Insiders doubt Libya's oil push plan

April 30, 2013 at 11:21 AM
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TRIPOLI, Libya, April 30 (UPI) -- Libya's getting ready to launch a new oil licensing round to boost production but there's widespread skepticism the country will be able to pull it off with armed militias still running wild 18 months after Moammar Gadhafi was toppled.

Libyan Oil Minister Abdelbari Ali al-Arusi told the Financial Times that a new oil law to regulate Libya's energy industry is being drafted that will pave the way for a licensing round by the end of the year.

Arusi said the government, having restored oil production to pre-2011 revolution levels of 1.55 million barrels per day, seeks to raise output to 1.7 million bpd after sorting out power supply problems.

The minister said that "if all goes well" the law should be in place within four months.

However, political analysts and industry insiders "say they are skeptical that Libya's political circumstances will permit a consensus on the legislation which will organize exploitation of the country's hydrocarbons wealth," Libya's economic backbone, the Financial Times observed.

The oil industry has been constantly disrupted by heavily armed militias, usually based on tribal or regional loyalties. Locals demanding jobs have been blockading facilities and shutting export terminals.

This has cost Algeria an estimated $1 billion in five months, Arusi says.

On top of this, militias are a major drain on government resources since they've been put on the state payroll in a bid to harness them. This has swollen the public sector salaries bill to $16 billion in 2013. That's more than double the $6.6 billion allocated in the 2010 budget under Gadhafi.

There seems no let up to the political violence that the government seems totally incapable of controlling.

The state military is torn between groups of officers split between autonomy-leaning eastern Libya, the epicenter of the NATO-backed revolution against Gadhafi, and the central government in Tripoli, the capital, in the west.

Oil installations haven't been attacked, although there were twin rocket attacks on oil and gas pipelines in eastern Libya earlier in April, but concerns that this will happen sooner or later rose sharply after the Jan. 16 seizure of the In Amenas gas complex in southeastern Algeria by jihadist striking from Libya.

Scores of people, including expatriate technicians and most of their attackers, were killed when the Algerian military stormed the compound.

That bloodshed, on top of the lawlessness pervading Libya, has left international oil companies reluctant to send back foreign staff.

This has seriously impeded government plans to fully restore the energy industry, and will continue to do so while Libya remains unstable and highly volatile.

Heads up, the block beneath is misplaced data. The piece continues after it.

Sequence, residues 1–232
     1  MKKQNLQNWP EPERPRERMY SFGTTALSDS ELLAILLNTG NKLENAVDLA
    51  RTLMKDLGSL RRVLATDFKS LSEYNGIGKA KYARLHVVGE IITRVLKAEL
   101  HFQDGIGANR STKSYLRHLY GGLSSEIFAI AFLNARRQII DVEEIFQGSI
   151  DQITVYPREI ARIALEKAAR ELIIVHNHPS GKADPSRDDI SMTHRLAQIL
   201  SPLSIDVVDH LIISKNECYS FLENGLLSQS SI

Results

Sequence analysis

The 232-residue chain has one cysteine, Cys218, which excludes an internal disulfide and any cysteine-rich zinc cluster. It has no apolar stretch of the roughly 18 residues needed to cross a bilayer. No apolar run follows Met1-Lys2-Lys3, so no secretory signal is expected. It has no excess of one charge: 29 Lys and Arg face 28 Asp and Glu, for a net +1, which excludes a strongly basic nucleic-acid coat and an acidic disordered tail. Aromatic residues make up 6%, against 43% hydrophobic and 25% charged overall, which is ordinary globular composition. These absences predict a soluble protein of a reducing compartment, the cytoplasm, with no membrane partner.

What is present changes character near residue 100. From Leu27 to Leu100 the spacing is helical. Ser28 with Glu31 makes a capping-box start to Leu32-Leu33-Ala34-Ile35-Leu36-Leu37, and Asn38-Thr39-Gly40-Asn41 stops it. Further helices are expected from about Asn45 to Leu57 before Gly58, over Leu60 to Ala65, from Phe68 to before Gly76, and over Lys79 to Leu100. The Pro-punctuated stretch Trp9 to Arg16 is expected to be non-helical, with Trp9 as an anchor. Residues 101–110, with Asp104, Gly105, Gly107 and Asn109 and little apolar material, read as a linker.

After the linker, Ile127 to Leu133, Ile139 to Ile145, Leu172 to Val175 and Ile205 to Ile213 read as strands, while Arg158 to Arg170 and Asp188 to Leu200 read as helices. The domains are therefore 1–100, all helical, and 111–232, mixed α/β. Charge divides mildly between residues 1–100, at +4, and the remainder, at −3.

The government has strengthened the Petroleum Facilities Guard to 18,000 men, many of them former militiamen being integrated into the post-revolutionary army.

But the country remains awash with weapons and the threat from Islamist forces in Mali, where French and African troops are battling jihadists of the al-Qaida in the Islamic Maghreb and its allies.

The bombing of the French Embassy in Tripoli April 23 rammed that home.

Foreign missions in Benghazi, capital of eastern Libya and long a jihadist stronghold, have been attacked. They include the U.S. consulate, which was hit in September, killing the U.S. ambassador and three other Americans.

But last week's embassy bombing was the first such terrorist strike in Tripoli.

Diplomats warn that the dangers have increased considerably because of the fighting in Mali. They believe the French embassy attack was a reprisal for Paris' decision the day before to extend its military intervention in Mali.

There's a cruel irony in this.

AQIM's seizure of northern Mali, as a vast jihadist base, followed a rebellion by Malian Tuareg tribesmen who had fought as mercenaries for Gadhafi then returned with a vast arsenal of weapons plundered from Libyan dictator's armories.

It was these weapons, now proliferating across North Africa, that ignited the Mali war.

"The Mali War was blowback from the Libya War," observed analyst Walter Russell Mead in The Guardian of London. "Now we have blowback from the Mali War in Libya."

Diplomats report that jihadists trek across the Sahara Desert to join groups in Benghazi and Derna, another eastern jihadist bastion to undermine the fledgling and dangerously fragile new democracy in Libya.

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